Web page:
He had explored further up the path to where it joined the Bay Ridge Trail and he thought there would be a good view ahead of the bay as we were quite high there. The trail skirted the golf course. The reason I knew this was because I spotted a golf cart. The view never materialized and the path we chose came to a dead end at the base of a disused tower – probably a fire look out – next to a covered reservoir. The tower was defended by an impenetrable barrier of barbed and razor wire. The main intention was that nobody should be able to climb the tower.
We turned back and returned to the car and set off to find somewhere for breakfast.
Lionshead, Vail, Colorado serves as a favorite launching pad for visitors who want to get to the top of Vail Mountain easily.
For one, it is home to the only gondola in the mountain: the Eagle Bahn Gondola. Then a few meters from it is another ride to the top: the Born Free Express quad-chair lift a.k.a. the Vail “chair 8”. Actually the Born Free Express terminates much lower than Eagles Nest so if you want to reach the summit, then you better take the Gondola ride. A ride on the Eagle Bahn Gondola starts at Lionshead and ends at Eagles Nest, where much of the activity is. People who go to Vail Mountain converge at this point, the summit of skiing activity in the resort. Here, you can see all of Vail as well as the surrounding areas.
Eagles Nest is a wide facility that nests an outdoor BBQ, a coffee house, cafeteria, and a sit-down restaurant. Up here, you get the feel of having conquered the resort. Skiers usually take the Gondola then ski downward. However, if you are just here to catch the view from the top, then you can also take the downward trip. Since the Gondola has both an upward and downward trip, Lionshead effectively becomes both a launching and a landing pad. Reason enough for businessmen to have seen the potential of such a strategic and prime location.
It’s not surprising to see a lot of business establishments in the area. All around and within Lionshead, you get to see numerous hotels as well as restaurants. Checking into a hotel or condominium here has one major benefit. You get a head start to the Gondola compared to other visitors who have chosen to stay in the neighboring areas like Vail Village, for example. Then when you return from your trip to the summit on board the Gondola, you’d probably want to grab a bite, have some beer, or during summers, get some cold refreshments.
A restaurant that has found a spot nearby obviously becomes the first choice. Consider this particular detail when planning your next trip to Vail. If you want to make the most out of what might be the best vacation you’ve ever made, proper positioning has to be one of your top priorities. If your time in Vail is as limited as your budget, you would like to be where the action is. And here, it all starts in the place called Lionshead.
One of the drawing powers of most hotels and condominiums in Avon is their proximity relative to the Eagle Bahn Gondola or any of the lifts in the base area. While there are many that fit the bill, allow us to single one of them out that has something extra to offer – the Avon Spa Condominiums. Most of the prominent lodging establishments nearby have practically the same assets: on-site restaurants, business centers, free high-speed Internet access, a balcony with a good view, heated indoor and outdoor pools, etc. This one has something else and it’s very evident from the name itself. It specializes in spa services. Well, it’s not exactly the only one that offers this amenity. However, it’s one of the elite few that have a comprehensive selection of such services.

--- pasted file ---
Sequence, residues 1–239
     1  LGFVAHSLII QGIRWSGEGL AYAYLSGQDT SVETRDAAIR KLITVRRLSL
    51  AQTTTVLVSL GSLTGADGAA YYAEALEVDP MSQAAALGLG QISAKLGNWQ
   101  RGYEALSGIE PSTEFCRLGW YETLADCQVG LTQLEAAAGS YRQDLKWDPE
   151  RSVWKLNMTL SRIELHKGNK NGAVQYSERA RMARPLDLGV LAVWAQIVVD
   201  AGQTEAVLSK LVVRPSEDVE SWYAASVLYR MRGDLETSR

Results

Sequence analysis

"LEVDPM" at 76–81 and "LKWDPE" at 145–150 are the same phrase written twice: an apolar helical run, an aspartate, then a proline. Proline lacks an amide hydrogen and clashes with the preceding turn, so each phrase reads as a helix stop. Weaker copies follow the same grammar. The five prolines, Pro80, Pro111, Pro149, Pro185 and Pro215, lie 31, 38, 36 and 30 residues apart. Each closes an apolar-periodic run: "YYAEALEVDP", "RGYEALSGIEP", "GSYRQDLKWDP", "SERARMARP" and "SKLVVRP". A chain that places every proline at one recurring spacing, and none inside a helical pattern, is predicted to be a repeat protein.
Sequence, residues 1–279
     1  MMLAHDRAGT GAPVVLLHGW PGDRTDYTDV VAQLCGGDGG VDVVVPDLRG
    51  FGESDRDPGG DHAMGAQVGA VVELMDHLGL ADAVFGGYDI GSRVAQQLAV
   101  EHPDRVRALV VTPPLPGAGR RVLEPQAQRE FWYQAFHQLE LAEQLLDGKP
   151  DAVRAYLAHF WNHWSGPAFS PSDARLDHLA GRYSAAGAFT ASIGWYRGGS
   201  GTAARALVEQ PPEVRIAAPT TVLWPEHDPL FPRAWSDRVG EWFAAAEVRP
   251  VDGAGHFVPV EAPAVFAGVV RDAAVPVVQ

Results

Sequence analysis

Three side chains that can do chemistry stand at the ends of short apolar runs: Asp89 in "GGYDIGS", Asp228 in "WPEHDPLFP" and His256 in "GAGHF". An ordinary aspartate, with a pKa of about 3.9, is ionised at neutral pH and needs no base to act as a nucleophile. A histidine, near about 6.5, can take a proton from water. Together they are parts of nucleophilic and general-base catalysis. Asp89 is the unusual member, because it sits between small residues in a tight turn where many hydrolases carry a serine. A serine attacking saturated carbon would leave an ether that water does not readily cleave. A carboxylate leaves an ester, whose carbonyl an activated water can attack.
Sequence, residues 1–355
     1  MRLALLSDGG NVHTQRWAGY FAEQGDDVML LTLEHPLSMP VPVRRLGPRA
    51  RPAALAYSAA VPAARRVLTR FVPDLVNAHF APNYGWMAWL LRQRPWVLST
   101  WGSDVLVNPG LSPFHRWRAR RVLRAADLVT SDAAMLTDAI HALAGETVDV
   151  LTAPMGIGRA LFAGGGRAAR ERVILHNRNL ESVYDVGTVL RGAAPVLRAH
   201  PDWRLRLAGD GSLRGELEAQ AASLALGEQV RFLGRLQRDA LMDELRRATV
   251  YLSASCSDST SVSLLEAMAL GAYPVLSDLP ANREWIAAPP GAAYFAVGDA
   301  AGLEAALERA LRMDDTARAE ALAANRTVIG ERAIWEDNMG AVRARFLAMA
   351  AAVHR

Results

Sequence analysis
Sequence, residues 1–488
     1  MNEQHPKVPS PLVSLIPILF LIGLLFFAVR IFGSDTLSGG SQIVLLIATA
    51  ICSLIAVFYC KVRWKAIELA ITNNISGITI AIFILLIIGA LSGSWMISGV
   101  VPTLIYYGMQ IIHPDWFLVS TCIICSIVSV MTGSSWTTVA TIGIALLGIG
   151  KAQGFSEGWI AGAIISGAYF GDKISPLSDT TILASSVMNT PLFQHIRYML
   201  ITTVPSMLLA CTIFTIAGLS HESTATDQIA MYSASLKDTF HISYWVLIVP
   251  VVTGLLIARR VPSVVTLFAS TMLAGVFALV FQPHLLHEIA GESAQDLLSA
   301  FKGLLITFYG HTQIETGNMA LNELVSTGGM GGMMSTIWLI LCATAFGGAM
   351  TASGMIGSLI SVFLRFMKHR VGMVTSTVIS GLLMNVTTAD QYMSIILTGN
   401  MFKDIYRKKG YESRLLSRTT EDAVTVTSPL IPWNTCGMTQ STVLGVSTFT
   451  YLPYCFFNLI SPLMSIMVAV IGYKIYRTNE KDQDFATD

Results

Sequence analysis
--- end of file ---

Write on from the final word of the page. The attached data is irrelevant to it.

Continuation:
Author: Janice Jones
Hi Everyone! My name is Janice Jones and I have been living in and writing about all the great adventures of Colorado for over 10 years now! I'm based in the Vail Valley. I moved here for a ski season and styed all these years because it's just so much fun. Thanks for checking out these Colorado Travel Tips. I'm sure you will find them to be super helpful. If you have your own Colorado Travel Tips to share with other residents or visitors to this wonderful state, please share them in the comments, and I might write a full featured article about it!
Monday, July 1 was a particularly busy day for the #ColoradoDistilleryRoadTrip. We woke up in Palisade and visited Peach Street Distillers. Then we humped it up and over the Grand Mesa – passing Powderhorn Mountain Resort on the way. Next we checked out the diverse offerings from Colorado Gold Distillers in Cedaredge.
After that, our GPS sent us along a wildly narrow and windy road towards Peak Spirits, makers of CapRock Vodka & Gin. I had heard a decent amount about Lance Hanson’s vineyard/distillery/farming operation from a few friends, and that made the anticipation of visiting the farm almost unbearable.
Thirty minutes after we left Cedaredge we were there. At least we thought we were there.
Were we there?
PEAK SPIRITS is tucked away on the backroads a short drive from the Western Slope farming town of Hotchkiss, Colorado. There’s no enormous sign with their logo, just simple hand-painted sign that says ”open” or “closed”. We missed the turn into the farm at first, and continued down a road, where we encountered a sign with no names - time had worn the critical details off this marker. It reminded us of the “map with no names” from Indiana Jones and the Last Crusade.